Beaky Buzzard is a buzzard (although he more closely resembles a vulture or condor) with black body feathers and a white tuft around his throat. His neck is long and thin, bending 90 degrees at an enormous adam's apple. His neck and head are featherless, and his beak is large and yellow or orange, depending on the cartoon. Beaky bears a perpetual goofy grin, and his eyes look eternally half-asleep. Mama Buzzard appears similar to Beaky, though she is considerably larger than most Looney Tunes characters (dominating in height over Beaky, Bugs and Sylvester).
Both Beaky and Mama Buzzard first appeared in the 1942 cartoon Bugs Bunny Gets the Boid, directed by Bob Clampett. The cartoon's plot revolves around the hopeless attempts of Beaky, here called Killer, to catch Bugs Bunny for his domineering Greek mother (voiced by Sara Berner) back at the nest. Beaky's voice was modeled after ventriloquist Edgar Bergen's character Mortimer Snerd, earning Beaky the nickname "Snerd Bird." The voice itself was provided by voice actor Kent Rogers.
Clampett brought the characters back in the 1945 film The Bashful Buzzard, a cartoon that closely mirrors its predecessor albeit without the presence of Bugs. This time Beaky's hapless attempts to bring food back for his Mama (again voiced by Berner) continue until he accidentally targets a dragon. Rogers reprised his role as the character's voice for the film, but he died in a Naval aviation training accident at Pensacola, Florida before finishing all his dialogue, so Stan Freberg was brought in to finish the work (as was Eddie Bartell, according to some sources).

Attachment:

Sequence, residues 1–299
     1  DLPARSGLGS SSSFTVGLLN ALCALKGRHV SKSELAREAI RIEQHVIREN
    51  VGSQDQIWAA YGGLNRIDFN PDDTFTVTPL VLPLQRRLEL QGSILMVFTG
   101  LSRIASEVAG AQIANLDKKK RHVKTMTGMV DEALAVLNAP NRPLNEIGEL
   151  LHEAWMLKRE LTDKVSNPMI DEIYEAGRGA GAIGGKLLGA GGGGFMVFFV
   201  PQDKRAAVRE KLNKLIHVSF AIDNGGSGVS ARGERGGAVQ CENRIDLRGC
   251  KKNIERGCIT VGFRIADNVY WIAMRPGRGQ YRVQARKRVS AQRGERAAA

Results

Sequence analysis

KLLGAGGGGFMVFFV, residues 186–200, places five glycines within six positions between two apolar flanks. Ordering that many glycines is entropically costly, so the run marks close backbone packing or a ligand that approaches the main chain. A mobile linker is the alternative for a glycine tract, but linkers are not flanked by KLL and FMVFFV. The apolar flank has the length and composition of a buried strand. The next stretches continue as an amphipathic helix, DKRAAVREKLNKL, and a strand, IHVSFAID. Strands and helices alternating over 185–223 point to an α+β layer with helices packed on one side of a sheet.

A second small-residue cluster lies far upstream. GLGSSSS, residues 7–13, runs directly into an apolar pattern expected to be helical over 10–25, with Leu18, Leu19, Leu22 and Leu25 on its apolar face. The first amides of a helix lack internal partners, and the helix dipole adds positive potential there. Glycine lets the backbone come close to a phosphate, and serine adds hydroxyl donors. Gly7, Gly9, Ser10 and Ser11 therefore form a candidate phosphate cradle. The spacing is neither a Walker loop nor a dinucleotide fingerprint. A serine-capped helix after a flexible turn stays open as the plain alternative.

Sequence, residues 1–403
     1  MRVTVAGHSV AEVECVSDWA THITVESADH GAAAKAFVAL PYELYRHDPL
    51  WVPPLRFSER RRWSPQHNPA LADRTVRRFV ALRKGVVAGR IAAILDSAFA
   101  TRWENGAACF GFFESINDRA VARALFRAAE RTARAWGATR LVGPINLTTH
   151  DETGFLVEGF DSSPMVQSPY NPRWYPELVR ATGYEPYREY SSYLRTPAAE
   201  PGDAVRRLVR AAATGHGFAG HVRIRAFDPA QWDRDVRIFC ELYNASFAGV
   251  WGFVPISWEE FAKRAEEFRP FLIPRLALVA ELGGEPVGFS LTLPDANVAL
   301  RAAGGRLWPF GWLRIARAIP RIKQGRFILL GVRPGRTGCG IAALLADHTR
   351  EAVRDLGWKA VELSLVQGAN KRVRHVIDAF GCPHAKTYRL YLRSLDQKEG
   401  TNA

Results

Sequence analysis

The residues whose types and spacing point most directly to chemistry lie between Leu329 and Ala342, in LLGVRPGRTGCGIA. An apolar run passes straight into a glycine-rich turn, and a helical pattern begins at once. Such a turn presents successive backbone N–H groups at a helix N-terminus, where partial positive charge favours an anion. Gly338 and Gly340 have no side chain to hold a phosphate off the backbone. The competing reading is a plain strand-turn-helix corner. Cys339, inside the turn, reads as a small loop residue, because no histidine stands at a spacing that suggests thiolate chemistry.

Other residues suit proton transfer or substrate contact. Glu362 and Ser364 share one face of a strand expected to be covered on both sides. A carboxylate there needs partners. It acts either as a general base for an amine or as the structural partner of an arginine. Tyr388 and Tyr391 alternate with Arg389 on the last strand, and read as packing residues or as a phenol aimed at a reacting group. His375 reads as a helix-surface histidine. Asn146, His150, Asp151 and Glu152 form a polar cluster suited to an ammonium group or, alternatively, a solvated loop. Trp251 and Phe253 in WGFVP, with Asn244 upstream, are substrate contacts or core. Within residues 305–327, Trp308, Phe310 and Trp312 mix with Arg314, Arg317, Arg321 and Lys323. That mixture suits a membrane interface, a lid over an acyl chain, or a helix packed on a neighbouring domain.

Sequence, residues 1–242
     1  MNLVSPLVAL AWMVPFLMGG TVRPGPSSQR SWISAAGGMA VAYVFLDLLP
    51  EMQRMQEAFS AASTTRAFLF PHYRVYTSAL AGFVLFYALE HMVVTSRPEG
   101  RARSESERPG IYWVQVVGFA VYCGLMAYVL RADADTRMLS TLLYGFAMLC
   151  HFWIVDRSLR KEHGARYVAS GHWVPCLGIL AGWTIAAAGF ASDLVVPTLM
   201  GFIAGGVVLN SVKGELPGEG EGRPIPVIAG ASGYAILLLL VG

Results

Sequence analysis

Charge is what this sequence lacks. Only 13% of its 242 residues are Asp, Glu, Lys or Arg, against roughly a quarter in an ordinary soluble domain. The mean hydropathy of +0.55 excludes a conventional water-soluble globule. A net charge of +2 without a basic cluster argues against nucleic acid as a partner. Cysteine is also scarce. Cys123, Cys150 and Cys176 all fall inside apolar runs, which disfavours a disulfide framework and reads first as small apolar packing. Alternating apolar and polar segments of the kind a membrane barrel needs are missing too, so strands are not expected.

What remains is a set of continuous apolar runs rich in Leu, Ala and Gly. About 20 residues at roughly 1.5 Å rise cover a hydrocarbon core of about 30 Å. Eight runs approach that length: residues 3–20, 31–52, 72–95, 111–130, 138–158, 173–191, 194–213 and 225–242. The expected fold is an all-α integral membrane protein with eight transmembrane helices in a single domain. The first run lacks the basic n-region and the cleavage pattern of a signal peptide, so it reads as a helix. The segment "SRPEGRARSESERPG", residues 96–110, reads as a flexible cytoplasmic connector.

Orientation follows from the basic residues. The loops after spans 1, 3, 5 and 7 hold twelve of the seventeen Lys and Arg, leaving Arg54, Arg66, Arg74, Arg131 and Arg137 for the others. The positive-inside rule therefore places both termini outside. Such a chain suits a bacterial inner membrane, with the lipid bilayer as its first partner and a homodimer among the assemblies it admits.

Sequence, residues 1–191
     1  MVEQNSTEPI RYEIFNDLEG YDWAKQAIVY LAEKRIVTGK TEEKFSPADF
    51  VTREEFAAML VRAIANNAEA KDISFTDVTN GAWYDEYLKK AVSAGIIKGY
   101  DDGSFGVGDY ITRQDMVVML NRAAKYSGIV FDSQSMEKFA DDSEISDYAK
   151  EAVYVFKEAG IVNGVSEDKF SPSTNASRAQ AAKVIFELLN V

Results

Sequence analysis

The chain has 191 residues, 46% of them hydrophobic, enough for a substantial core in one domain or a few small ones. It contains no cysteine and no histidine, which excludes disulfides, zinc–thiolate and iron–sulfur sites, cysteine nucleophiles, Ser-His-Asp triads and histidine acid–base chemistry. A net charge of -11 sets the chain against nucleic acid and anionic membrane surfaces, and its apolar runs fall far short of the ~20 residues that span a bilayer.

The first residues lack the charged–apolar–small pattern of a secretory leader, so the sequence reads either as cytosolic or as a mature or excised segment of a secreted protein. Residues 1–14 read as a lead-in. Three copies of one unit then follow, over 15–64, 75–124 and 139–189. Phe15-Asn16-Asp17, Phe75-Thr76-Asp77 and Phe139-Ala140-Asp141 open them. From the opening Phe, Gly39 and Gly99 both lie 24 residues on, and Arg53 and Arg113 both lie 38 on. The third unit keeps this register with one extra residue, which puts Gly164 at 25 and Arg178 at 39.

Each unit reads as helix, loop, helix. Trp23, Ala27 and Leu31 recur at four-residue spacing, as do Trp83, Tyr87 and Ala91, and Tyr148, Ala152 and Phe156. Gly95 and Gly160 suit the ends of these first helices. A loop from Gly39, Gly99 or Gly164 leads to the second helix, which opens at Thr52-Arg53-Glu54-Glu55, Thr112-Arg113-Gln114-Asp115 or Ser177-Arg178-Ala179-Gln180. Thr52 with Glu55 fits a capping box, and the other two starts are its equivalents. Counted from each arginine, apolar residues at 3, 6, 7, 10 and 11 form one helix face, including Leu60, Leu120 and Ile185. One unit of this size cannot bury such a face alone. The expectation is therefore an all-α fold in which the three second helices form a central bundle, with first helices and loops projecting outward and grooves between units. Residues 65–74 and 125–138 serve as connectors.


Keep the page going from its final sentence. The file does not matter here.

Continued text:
Warner Bros. apparently thought they had something in the character, and Beaky was featured in much of the Looney Tunes merchandising of the time. He also appeared in several issues of Dell Comics' Looney Tunes series of comic books, usually paired with another minor player, Henery Hawk.
Clampett left the studio in 1946, ending Beaky's career for a time. The character was eventually brought back in the 1950 Friz Freleng film The Lions Busy, now voiced by the versatile Mel Blanc. Freleng made the buzzard smarter, pitting him against a dim-witted lion named Leo. Bob McKimson also featured the character in a film that year, Strife with Father. McKimson's Beaky is again back to his idiotic self, this time under the tutelage of his adoptive father, a sparrow who is trying to teach Beaky how to survive in the wild.
Beaky Buzzard had a minor role in Tiny Toon Adventures, where he played the mentor of the character; Concord Condor. He later appeared in the films Space Jam (1996, as a team player) and 2003's Looney Tunes: Back in Action (as an Acme pilot), and is voiced by Joe Alaskey in both films.
Beaky (again voiced by Alaskay) and Mama (voiced by June Foray) also appeared in The Sylvester and Tweety Mysteries in the episode "3 Days & 2 Nights of the Condor". In the episode, Beaky and Sylvester fight over Tweety. The episode ends when Sylvester's scheme to disguise himself as a buzzard backfires, with Mama falling madly in love with him.
Beaky later appeared in Duck Dodgers (voiced yet again by Alaskay).
Beaky Buzzard appeared in the video games Bugs Bunny: Lost in Time and Bugs Bunny Crazy Castle 4.
Beaky Buzzard appears in The Looney Tunes Show episode "Ridiculous Journey" voiced by Jim Cummings. He works as a rescue buzzard who rescued Sylvester, Tweety, and Taz from the desert and brought them to his slow-moving balloon. When Blacque Jacque Shellacque attacks and cuts the balloon, Beaky Buzzard tries to save Sylvester, Tweety, and Taz only to end up caught in one of Blacque Jacque Shellacque's nets.